The historic Mount Torrens marble quarry was active in the early 1900s and reworked in the 1950s. Production was from an undifferentiated marble in the Early Cambrian Carrickalinga Head Formation. No production figures were recorded (Hiern 1957, 1959). The Mount Torrens Marble used for sculpture 16 was sourced from pond excavation works near the Mount Torrens quarry and adjacent to the Amy Gillett bikeway into Mount Torrens. The stone was acquired about 500 m before the end of the bikeway where it meets with Old Mount Road (off Oval Road). The marble is cream to white with buff and grey lenses and is similar in appearance to the Paris Creek and Macclesfield marbles.

Table 1 South Australian stones used for the Hills Sculpture Trail, 2012 and 2014 sculptures

StoneSource Geological unit
and age
Sculpture
Angaston Marble Bald Hill,
Private Mine 112
Angaston Marble
(Normanville Group; Early Cambrian)
2 Sailing of Soul, 3 Prickly 3 (white prickle and base), 9 Flow (base)
Black Granite Black Hill,
Mineral Lease 4383
Black Hill Norite
(part of the Black Hill Gabbroic Complex; Early to Middle Ordovician)
1 Spatial Tension, 5 Angel of Hahndorf, 6 Le Peloton, 8 The Remoteness, 10 Waterstone, 12 Journeys, 14 Cosmic Connections (sphere), 15 Splash, 16 The Key to the Heart of Mt Torrens and the Birdhouse (base)
Kapunda Marble Carrara Quarry,
Private Mine 111
Kapunda Marble
(Normanville Group; Early Cambrian)
3 Prickly 3 (grey prickle)
Paris Creek Marble Historic Paris Creek quarry south of Macclesfield Fork Tree Limestone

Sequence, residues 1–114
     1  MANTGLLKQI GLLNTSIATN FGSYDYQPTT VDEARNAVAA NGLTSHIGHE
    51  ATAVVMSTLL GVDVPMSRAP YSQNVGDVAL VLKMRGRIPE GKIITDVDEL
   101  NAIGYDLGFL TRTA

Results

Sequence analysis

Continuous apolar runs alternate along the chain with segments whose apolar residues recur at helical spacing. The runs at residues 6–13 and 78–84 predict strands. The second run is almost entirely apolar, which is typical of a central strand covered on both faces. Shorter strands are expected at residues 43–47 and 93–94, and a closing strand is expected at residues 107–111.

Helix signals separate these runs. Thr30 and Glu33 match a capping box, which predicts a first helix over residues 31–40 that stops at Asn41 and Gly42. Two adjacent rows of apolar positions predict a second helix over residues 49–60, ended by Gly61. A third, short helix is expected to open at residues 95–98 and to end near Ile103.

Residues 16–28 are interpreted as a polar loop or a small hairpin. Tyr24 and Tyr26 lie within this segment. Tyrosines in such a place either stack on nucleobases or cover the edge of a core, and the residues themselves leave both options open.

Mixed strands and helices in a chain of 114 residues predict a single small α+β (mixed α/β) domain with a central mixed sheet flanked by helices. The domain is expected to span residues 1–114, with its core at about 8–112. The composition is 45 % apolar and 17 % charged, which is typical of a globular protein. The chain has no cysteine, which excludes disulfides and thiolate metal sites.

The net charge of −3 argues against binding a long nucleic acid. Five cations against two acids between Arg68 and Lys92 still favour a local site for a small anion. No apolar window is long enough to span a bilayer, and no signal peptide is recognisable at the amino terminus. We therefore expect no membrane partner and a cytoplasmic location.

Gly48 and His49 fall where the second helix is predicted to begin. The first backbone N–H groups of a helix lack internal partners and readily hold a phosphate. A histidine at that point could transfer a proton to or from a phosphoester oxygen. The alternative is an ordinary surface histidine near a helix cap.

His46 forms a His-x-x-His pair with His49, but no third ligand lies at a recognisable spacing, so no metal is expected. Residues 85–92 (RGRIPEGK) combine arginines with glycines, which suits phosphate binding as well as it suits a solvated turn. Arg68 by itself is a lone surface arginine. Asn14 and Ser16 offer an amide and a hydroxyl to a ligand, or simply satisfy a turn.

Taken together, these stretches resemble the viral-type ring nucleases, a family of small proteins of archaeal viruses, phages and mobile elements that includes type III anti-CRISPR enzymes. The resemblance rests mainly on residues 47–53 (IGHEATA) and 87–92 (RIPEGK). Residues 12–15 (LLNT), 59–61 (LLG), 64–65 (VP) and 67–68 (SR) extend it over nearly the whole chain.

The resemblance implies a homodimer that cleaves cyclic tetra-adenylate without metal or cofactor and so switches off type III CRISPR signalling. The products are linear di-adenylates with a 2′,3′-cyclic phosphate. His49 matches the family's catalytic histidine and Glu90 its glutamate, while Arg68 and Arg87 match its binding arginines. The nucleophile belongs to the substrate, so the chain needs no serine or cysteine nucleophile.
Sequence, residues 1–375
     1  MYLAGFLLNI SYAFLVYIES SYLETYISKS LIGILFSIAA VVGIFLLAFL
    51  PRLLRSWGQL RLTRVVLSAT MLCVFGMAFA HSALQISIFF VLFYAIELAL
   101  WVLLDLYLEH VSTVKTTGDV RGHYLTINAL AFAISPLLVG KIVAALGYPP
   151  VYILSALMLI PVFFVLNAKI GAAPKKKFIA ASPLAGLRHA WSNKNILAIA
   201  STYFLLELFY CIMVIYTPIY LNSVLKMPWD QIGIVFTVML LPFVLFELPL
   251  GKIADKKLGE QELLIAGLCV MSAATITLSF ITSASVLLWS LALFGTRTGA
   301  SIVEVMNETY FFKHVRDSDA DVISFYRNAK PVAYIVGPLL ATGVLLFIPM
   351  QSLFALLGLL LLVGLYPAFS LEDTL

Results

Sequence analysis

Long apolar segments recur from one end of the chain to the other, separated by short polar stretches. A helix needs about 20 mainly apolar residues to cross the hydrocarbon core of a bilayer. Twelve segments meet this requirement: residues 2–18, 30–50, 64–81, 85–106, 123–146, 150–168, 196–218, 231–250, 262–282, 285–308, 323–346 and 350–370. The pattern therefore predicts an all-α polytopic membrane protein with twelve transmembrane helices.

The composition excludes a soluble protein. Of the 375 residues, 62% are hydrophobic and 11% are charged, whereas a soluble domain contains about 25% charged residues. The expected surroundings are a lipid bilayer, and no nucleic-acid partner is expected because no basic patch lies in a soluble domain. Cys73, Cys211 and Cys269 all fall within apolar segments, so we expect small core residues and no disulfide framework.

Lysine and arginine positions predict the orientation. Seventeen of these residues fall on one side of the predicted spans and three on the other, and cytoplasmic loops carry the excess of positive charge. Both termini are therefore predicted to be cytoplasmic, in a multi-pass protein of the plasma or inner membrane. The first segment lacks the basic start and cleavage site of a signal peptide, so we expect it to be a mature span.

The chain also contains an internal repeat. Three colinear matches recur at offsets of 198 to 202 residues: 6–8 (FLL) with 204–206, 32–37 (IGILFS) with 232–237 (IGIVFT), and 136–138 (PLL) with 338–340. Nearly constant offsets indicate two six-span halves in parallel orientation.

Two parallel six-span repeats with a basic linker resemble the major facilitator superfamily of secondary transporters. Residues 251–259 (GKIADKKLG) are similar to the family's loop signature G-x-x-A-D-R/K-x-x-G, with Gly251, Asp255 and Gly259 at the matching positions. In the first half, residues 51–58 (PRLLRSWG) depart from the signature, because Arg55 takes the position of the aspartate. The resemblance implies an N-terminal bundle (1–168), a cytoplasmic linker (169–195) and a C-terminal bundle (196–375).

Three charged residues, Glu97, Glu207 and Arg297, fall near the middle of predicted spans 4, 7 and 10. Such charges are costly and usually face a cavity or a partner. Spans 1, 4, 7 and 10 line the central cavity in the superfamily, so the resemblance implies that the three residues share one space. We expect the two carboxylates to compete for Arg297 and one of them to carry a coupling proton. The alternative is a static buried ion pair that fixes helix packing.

(Normanville Group; Early Cambrian)
4 Watersong, 7 Spring, Summer, Fall, Winter and …., 9 Flow, 11 Fossils
Macclesfield Marble Historic Paris Creek 3 west of Macclesfield Undifferentiated Normanville Group
(Early Cambrian)
13 Hydris
Sellicks Hill Marble Sellicks Hill Quarry,
Private Mine 163
Fork Tree Limestone
(Normanville Group; Early Cambrian)
14 Cosmic Connections
Mount Torrens Marble Excavation works near the historic Mount Torrens marble quarry Carrickalinga Head Formation
(Lower Kanmantoo Group; Early Cambrian)
16 The Key to the Heart of Mt Torrens and the Birdhouse

The sculptures

9 Flow

Sculpture 9Sculptor: Agnessa Petrova, Bulgaria.

Stone: Paris Creek Marble completed in rough, honed and smooth finishes on a base of Angaston Marble.

Site: Alfred Langhorne Park, Langhorne Creek Road, Langhorne Creek.

Artist’s comment: ‘The energy and mystery of running water or wine and all the beautiful wavy shapes created are the subject of the composition. I tried to express the inspiration and the feeling of freedom or flight that is suggested by these shapes’. (Photo 415056)

10 Water Stone

Sculpture 10Sculptor: Hew Chee Fong, Australia.

Stone: Black Granite. The polished top with stainless steel droplets is complemented by a rough underside to the base.

Site: Mount Compass Wetlands, Sam Court (off Nangkita Road), Mount Compass.

Artist’s comment: ‘Water, our most precious resource, it is life itself’. (Photo 415057)

11 Fossils

Sculpture 11Sculptor: Petre Petrov, Bulgaria.

Stone: Paris Creek Marble completed in rough and smooth finishes.

Site: Meadows War Memorial Park, Meadows Road, Meadows.

Artist’s comment: ‘The sculpture gives the idea of the “life” in a piece of stone from which the planet’s history is stamped. The hard stone we see now was once full of life and we are still able to see fossils of different bizarre creatures that lived on this place millions of years ago’. (Photo 415058)